There is a lot of evidence that suggest the imperative use of therapy in eating disorder recovery. Eating disorders are a mental health diagnosis, which suffer severe physical and biological consequences, therefore, therapy is ESSENTIAL to achieve full recovery. Most people understand the role of a dietitian in eating disorder recovery, because it has to do with food, but sometimes the role of therapy can be a little obscure.
This blog post will dive into what is psychotherapist? What is a psychotherapist’s role in ED recovery? And reveal the common types of therapy used to treat individuals with eating disorders, and explain what and how they work with your treatment! By the end of this blog post, you will have a better idea of what to expect coming into your first therapy session with a trained, licensed therapist.
A therapist is not a protected title, meaning it is not regulated by an organization that protects certain acts and titles. Similarly, to a healthcare worker (not protected title), and a medical doctor (protected title). So essentially, anyone could call themselves a therapist.
Psychotherapists is a protected title as they must be registered with a regulatory body that oversees these mental health professionals. In Ontario, this regulatory body is called the College of Psychotherapists of Ontario. Psychotherapists cannot prescribe medication or provide any formal mental health diagnoses.
Psychotherapists are an important part of the treatment team. Usually, therapists come into play once the client’s medical instability has been addressed and the client is working towards achieving medical stability.
First and foremost, the role of the psychotherapist is to help the client work towards mental stabilization. So, addressing (if any), higher risk thoughts that are happening, as well as develop tools for navigating their recovery (such as the refeeding process) and coping with the distress of that experience.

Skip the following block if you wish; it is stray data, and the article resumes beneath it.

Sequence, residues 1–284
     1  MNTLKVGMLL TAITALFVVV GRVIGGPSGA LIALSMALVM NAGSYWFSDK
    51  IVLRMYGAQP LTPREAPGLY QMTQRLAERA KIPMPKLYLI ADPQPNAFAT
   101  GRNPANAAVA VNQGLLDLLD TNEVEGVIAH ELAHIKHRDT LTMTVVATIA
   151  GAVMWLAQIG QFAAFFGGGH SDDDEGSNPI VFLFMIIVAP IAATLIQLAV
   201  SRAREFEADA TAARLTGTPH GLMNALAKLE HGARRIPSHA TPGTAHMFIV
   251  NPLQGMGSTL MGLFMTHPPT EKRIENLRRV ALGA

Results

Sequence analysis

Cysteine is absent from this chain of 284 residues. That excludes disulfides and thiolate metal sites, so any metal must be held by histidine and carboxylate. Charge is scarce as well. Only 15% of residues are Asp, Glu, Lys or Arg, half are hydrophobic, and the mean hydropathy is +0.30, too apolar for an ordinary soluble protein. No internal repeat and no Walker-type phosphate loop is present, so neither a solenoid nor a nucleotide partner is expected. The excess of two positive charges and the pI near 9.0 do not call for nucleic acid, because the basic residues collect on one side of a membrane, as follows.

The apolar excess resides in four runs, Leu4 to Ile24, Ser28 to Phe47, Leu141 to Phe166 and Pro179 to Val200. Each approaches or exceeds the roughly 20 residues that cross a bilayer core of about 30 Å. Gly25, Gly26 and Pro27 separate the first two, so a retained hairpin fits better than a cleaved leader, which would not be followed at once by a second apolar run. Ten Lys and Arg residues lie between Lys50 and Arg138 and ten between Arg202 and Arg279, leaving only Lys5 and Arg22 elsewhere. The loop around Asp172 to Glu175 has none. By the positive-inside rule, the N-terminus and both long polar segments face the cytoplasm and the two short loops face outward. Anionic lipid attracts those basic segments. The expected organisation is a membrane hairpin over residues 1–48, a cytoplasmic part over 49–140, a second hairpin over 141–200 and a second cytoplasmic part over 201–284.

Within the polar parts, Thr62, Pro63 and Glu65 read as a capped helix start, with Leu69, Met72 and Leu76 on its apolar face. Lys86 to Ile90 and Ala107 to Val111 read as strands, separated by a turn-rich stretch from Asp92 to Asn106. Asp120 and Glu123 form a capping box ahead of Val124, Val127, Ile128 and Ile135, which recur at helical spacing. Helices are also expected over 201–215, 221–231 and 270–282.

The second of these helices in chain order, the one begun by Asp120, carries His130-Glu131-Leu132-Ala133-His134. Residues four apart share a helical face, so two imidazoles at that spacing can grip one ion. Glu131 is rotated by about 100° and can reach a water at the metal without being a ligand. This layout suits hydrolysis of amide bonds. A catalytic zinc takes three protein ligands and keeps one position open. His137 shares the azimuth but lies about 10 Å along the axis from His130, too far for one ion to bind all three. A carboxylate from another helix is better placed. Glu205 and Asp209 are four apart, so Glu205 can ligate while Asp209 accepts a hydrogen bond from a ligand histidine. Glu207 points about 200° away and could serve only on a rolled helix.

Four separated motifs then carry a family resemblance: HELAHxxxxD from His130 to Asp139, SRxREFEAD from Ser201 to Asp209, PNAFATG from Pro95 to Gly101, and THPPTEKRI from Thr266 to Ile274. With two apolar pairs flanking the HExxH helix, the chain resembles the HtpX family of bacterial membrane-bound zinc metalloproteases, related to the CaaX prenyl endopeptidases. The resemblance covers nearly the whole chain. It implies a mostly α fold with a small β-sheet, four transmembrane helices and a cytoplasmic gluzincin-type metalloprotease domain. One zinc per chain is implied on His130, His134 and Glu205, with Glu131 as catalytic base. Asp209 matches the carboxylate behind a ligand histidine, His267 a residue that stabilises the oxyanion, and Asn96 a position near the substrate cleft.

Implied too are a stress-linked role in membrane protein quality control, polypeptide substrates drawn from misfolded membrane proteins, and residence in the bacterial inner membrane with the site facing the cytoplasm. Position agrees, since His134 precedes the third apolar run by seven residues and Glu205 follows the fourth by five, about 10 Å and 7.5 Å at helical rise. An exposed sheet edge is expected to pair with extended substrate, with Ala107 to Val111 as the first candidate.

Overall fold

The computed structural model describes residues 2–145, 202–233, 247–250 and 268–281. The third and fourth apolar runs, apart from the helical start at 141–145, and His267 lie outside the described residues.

Longer term, the role of a psychotherapist is to help address the original cause of the eating disorder. Over time, when the eating disorder becomes unchecked, or develops in a way that’s now maladaptive, it can become very harmful. That’s where we need to learn different strategies to cope. So even though the onset of an eating disorder is typically the brains way of trying to do something that is really helpful and protective, it often doesn’t stay that way for very long. A psychotherapist can help you start building insight into what may have been the factors that lead to this type of thinking and then work to help change the trajectory and develop new, more adaptive ways of coping.
It’s important to note that there are various ways that therapy can look like, depending on the setting and access to care.
If there is any acute medical attention required, typically, inpatient care/hospitalization is best. At this stage, there is not a whole lot of therapy provided until the client is medically stable.